Friday, February 25, 2011

Libya - and other issues of the good for the all

In many ways, with varied interest, persons from around the world have been watching the global situations most urgently recently in Egypt - and now Libya - and along the way developments in Bahrain, Sudan and elsewhere.

In today's news, the Christian Science Monitor is reporting that Colonel Qaddafi is planning to stay in Libya - noting:

“Plan A is to live and die in Libya. Plan B is to live and die in Libya. Plan C is to live and die in Libya,” said Colonel Qaddafi’s son Saif Islam in a TV interview yesterday. Qaddafi himself, who made an appearance before cheering crowds at Tripoli's Green Square today, said on state TV that he was willing to open up his weapons caches to anyone who wants to fight on his side, and said he would set the country “aflame.”

It is a sad state of affairs when persons (or institutions) in power, in order to maintain their discredited power - turn to violence as the path for resolving their loss of power.

Today I hope for the people of Libya and the persons of the world a "Plan D" that does not include weapons, fighting, nor anyone or anything set "aflame."

Toward eupan.

~ marty alan michelson, ph.d.

Posted via email from Eupan Global Initiative

Thursday, February 17, 2011

Opportunity to connect with Rotary to Extend Peace

BETHANY, Okla. (February 17, 2011) - Southern Nazarene University professor, Marty Alan Michelson, Ph.D. was chosen to receive a fellowship opportunity from Rotary International.

Michelson was one of 19 recipients, from a pool of several hundred international applicants chosen for a full-ride scholarship and stipend for all expenses for 12 weeks at Chulalongkorn University, Bangkok, Thailand, summer 2011. Fellows earn the Professional Development Certificate in Peace and Conflict Resolution from the University curriculum. International Fellows work to improve health, support education, and alleviate poverty through real-life, international field experience on issues of peace, goodwill, causes of conflict, and world understanding. Fellows will advance a culture of tolerance and peace, enhancing knowledge and skill while engaging practitioners and academics in the arena of peace and conflict resolution.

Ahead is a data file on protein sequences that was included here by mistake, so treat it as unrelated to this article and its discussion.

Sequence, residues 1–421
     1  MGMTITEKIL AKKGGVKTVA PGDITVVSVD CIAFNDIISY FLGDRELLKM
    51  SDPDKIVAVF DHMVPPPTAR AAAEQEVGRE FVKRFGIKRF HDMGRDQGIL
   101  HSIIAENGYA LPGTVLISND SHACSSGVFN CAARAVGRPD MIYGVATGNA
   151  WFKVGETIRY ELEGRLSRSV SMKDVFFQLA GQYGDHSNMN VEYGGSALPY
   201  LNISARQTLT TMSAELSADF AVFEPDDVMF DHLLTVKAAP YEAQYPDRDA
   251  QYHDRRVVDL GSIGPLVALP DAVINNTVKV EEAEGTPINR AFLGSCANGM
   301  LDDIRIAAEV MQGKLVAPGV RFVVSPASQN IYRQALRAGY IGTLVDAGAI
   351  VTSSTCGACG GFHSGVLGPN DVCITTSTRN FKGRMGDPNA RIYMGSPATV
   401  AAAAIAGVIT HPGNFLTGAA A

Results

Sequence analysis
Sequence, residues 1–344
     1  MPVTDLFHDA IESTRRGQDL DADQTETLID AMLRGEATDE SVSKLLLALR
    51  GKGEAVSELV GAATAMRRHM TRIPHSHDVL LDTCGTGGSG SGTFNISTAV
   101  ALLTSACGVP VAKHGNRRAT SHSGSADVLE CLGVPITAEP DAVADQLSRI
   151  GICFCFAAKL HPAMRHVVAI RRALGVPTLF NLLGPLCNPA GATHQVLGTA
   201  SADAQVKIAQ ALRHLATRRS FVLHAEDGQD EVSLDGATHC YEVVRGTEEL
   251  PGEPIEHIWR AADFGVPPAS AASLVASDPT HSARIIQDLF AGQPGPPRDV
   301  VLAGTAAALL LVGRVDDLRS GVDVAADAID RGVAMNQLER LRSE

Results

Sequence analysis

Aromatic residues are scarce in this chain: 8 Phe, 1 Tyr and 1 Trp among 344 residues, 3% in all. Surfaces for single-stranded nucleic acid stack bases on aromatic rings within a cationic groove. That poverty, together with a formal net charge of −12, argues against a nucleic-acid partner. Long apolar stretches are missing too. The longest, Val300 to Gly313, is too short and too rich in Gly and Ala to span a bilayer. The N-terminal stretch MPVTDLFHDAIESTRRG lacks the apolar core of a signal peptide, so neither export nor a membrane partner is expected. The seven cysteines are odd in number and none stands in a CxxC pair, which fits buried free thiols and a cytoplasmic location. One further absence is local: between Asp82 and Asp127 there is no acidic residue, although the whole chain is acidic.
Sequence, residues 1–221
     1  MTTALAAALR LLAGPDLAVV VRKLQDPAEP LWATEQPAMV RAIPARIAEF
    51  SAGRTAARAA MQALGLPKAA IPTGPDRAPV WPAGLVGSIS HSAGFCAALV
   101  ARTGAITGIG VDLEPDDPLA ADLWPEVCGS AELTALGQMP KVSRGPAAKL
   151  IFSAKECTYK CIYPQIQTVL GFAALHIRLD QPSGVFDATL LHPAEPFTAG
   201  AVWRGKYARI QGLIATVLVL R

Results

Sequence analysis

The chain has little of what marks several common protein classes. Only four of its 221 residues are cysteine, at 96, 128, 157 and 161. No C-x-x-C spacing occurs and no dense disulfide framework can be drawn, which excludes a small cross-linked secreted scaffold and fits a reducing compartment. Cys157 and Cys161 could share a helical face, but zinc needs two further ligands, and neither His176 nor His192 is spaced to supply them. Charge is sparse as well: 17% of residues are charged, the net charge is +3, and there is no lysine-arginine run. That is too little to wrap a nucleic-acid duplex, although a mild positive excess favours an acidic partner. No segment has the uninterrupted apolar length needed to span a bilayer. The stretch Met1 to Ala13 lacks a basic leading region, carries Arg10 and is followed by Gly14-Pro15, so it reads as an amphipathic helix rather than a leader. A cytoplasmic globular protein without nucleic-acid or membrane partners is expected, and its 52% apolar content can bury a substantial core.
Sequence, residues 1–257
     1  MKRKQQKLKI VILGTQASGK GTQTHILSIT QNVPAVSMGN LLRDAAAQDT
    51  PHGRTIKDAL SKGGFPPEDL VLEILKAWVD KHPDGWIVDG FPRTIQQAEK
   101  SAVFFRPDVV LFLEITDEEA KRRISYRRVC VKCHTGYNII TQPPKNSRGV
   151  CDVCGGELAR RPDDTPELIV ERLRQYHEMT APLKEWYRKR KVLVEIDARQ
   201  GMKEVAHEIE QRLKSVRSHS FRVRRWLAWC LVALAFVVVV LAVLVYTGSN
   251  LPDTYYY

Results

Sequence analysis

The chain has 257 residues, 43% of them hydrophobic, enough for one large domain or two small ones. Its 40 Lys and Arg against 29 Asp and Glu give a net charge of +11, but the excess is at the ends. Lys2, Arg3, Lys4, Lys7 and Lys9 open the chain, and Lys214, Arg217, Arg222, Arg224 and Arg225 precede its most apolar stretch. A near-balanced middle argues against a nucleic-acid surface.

“The Rotary Peace Fellowship’s purpose is to support and advance the issues of peace, goodwill, causes of conflict and world understanding. Marty’s educational and work experience make him an ideal candidate for the Fellowship. He will not only expand his knowledge of international relations and conflict resolutions, he will bring that knowledge back to the Unites States to positively impact our world,” commented Sheila Stinson, Rotary District 5750 Rotary Peace Fellowship committee chair.

Michelson is excited about his upcoming fellowship, “I am absolutely thrilled with this opportunity. Rotary’s mission is to provide service to others, promote integrity, and advance world understanding, goodwill, and peace. SNU hopes to graduate students who think with clarity, act with integrity and serve with purpose. This fellowship combines the best of Rotary’s mission with SNU’s purpose to have graduates and faculty who think, act and serve. I plan to use the investment of Rotary International in faithful ways to live as a peacemaker.”

Rotary is an organization of business and professional leaders united worldwide in humanitarian service -- has more than 1.2 million members in more than 33,000 clubs in over 200 countries and geographic regions. For more information, visit www.rotary.org.

Posted via email from Eupan Global Initiative

Monday, February 7, 2011

House of Hope International Peace Center



While traveling through Jordan, Israel, and Palestine on an educational tour I lead, I was able to meet Elias Jabbour, working with the House of Hope International Peace Center.

There is something so very real about meeting with persons who live elsewhere, hearing them share their stories.



Elias shares some of his stories in a book he has published - and he has been influential in working with numerous groups attempting to bring peace to the Israeli-Palestinian situation. His work includes working with the Center for Religious Tolerance and The Middle East Project, to name just a few of his connections. I doubt he would see them as "connections" or "networks" in anyway like modern business tries to work through connections and networks, though. I think he would see his work as a calling, and his connections and friendships. I know I felt that he wanted to genuinely be a friend to me and the group of persons with me when we met with him. The above link mentions Jabbour's work with Sulha, more can be read here.